Type type = typeof(TestType);
            object tt = type.GetConstructor(new Type[] { }).Invoke(null);
            type.GetMethod("Execute").Invoke(tt, null);
            Stopwatch sw = new Stopwatch();
            sw.Start();
            for (int i = 0; i < iterations; i++)
            {
                type = typeof(TestType);
                tt = type.GetConstructor(new Type[] { }).Invoke(null);
                type.GetMethod("Execute").Invoke(tt, null);
            }
            sw.Stop();
            if (Write)
                Console.WriteLine("TestReflectionInstance " + 
                        sw.ElapsedTicks.ToString());
            times["TestReflectionInstance"] += sw.ElapsedTicks;
        }

... and the optimized way is:

public static void TestReflectionInstanceOptimized()
        {
            Type type = typeof(TestType);
            ConstructorInfo ci = type.GetConstructor(new Type[] { });
            object tt = ci.Invoke(null);
            MethodInfo mi = type.GetMethod("Execute");
            mi.Invoke(tt, null);
            Stopwatch sw = new Stopwatch();
            sw.Start();
            for (int i = 0; i < iterations; i++)
            {
                tt = ci.Invoke(null);
                mi.Invoke(tt, null);
                //type.GetMethod("Execute").Invoke(tt, null);
            }
            sw.Stop();
            if (Write)
                Console.WriteLine("TestReflectionInstanceOptimized " + 
                        sw.ElapsedTicks.ToString());
            times["TestReflectionInstanceOptimized"] += sw.ElapsedTicks;
        }

What I believe?

My belief is that if you optimize your code well when using reflection, then the performance penalty is not so great but the advantages are many times more significant. I believe this must have been taken into account, when Microsoft developed WPF, WWF and LINQ.

Thoughts After This Article was Written

Thought 1

The Generic Benchmarking is not fair. The practical dilemma is that at any single point of execution, is it better to call MakeGenericType for a generic type or to find the type from a variety of pre-made types from a dictionary.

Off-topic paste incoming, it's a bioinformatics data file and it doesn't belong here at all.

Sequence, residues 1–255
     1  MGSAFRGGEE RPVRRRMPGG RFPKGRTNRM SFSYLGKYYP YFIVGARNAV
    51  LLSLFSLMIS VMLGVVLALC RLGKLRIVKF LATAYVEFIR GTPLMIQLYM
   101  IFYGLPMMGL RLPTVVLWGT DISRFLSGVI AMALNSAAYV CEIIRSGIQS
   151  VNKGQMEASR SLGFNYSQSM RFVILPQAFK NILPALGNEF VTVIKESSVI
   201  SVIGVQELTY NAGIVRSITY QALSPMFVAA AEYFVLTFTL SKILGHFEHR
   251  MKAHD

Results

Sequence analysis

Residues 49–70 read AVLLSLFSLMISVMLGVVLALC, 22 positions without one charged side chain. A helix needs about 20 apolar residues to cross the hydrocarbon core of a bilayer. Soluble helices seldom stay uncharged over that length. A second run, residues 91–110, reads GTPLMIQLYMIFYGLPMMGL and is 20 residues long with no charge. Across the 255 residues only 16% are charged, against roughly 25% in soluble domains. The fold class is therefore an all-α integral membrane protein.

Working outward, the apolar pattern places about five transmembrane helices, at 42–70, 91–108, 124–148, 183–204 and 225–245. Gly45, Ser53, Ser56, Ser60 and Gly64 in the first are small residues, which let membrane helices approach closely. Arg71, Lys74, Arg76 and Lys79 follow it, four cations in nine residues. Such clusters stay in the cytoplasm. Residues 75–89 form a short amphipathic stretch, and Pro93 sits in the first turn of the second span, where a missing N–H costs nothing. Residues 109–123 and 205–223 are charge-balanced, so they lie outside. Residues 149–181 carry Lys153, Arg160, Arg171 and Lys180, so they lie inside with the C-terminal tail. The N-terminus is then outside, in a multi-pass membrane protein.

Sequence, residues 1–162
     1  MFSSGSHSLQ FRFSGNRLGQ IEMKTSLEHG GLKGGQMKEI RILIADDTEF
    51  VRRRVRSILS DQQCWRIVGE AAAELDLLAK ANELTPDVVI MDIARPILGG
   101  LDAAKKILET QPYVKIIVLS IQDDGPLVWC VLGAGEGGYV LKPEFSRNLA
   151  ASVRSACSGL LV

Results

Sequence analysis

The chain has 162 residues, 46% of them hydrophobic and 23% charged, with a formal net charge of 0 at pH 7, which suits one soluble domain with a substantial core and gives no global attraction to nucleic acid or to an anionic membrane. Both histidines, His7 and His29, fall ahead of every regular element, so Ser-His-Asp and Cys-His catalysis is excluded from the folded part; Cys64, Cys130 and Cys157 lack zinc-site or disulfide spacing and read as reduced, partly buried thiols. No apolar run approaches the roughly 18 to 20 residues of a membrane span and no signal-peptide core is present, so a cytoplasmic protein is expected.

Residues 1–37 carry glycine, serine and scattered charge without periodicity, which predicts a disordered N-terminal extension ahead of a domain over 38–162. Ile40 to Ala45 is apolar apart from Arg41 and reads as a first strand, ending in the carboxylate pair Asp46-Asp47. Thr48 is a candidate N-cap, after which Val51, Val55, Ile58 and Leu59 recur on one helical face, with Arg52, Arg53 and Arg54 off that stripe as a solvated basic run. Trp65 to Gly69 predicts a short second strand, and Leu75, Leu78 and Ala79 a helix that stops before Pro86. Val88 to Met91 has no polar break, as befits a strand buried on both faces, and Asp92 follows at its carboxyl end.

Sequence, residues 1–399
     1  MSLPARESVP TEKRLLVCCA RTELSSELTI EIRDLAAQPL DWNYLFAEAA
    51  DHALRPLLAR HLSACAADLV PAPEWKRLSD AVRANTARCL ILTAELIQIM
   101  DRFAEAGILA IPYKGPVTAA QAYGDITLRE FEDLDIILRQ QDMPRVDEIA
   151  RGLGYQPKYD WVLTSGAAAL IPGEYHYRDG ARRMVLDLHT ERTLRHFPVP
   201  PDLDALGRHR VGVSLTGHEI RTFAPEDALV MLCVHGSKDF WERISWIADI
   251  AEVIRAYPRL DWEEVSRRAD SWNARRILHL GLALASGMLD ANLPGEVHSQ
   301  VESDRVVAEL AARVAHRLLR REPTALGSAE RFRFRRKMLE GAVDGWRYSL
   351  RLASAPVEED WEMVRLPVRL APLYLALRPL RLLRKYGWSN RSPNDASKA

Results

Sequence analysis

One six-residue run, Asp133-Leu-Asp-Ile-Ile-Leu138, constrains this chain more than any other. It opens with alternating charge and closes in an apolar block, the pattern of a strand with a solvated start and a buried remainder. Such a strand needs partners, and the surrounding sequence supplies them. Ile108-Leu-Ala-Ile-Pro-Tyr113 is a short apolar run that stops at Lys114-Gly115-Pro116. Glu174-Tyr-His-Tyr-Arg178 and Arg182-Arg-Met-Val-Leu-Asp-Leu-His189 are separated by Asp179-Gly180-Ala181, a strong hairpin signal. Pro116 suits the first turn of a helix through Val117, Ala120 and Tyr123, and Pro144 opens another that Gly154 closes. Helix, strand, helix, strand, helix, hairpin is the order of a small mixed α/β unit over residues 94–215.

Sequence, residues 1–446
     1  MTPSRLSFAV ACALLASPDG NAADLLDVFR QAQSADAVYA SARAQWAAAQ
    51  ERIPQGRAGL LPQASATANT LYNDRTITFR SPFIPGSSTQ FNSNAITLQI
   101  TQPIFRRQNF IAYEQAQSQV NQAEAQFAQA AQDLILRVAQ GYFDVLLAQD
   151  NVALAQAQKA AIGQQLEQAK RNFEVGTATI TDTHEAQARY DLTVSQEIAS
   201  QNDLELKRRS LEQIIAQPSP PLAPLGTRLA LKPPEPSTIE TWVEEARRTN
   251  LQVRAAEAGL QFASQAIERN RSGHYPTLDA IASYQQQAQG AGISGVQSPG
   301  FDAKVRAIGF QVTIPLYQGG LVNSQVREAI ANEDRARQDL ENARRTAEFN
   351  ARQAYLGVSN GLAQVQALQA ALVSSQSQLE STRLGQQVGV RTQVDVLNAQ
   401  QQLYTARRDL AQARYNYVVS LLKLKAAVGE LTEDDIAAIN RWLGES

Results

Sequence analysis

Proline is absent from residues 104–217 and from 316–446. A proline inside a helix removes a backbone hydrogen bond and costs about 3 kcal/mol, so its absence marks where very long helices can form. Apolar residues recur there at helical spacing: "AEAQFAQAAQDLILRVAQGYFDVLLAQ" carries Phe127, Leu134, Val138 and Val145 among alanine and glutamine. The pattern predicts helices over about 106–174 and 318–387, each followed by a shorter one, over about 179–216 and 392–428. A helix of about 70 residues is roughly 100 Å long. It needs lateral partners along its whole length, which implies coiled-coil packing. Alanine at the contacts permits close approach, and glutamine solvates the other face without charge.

So I ran the test using the below codes:

Type type = typeof(GenericType<,>);

Type ii = makedTypes[type.FullName + "|int|int"];

The optimized version is as follows:

Type ii = makedTypes[type.FullName + "|int|int"];

The results were as follows:

GenericReflectionMake->26
GenericReflectionMakeOptimized->9

This shows that having pre-made generic types in a sort of list is much quicker than calling MakeGenericType.

Links

History

  • 18th April, 2008: Initial post

License

This article, along with any associated source code and files, is licensed under The Code Project Open License (CPOL)

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About the Author

aSarafian
Team Leader ALGOSYSTEMS
Greece Greece
I live in Athens Greece and currently I am working with Business scale application with .NET latest technologies
 
I've been developing applications for personal and friends usage with C++ using majorly Borland's various IDEs since 1994.
In 2002 I began working for an R&D institute where I was introduced to C# which I worships ever since.
 
I love core application development and I would like to publish more articles here and on my blog, but there is not enough time to do so.
 
I usualy "waste" my spare time watching sitcoms, preferable SCI-FI.
I would like to play chess but I can't find any real world players to hang out with.

Comments and Discussions

 
QuestionBenchmarking cache? Pinmemberquiensabe19-Apr-08 9:28 
GeneralRe: Benchmarking cache? PinmemberSarafian19-Apr-08 12:36 
GeneralVery good stuff PinmemberDewey18-Apr-08 21:44 
GeneralRe: Very good stuff PinmemberSarafian19-Apr-08 12:40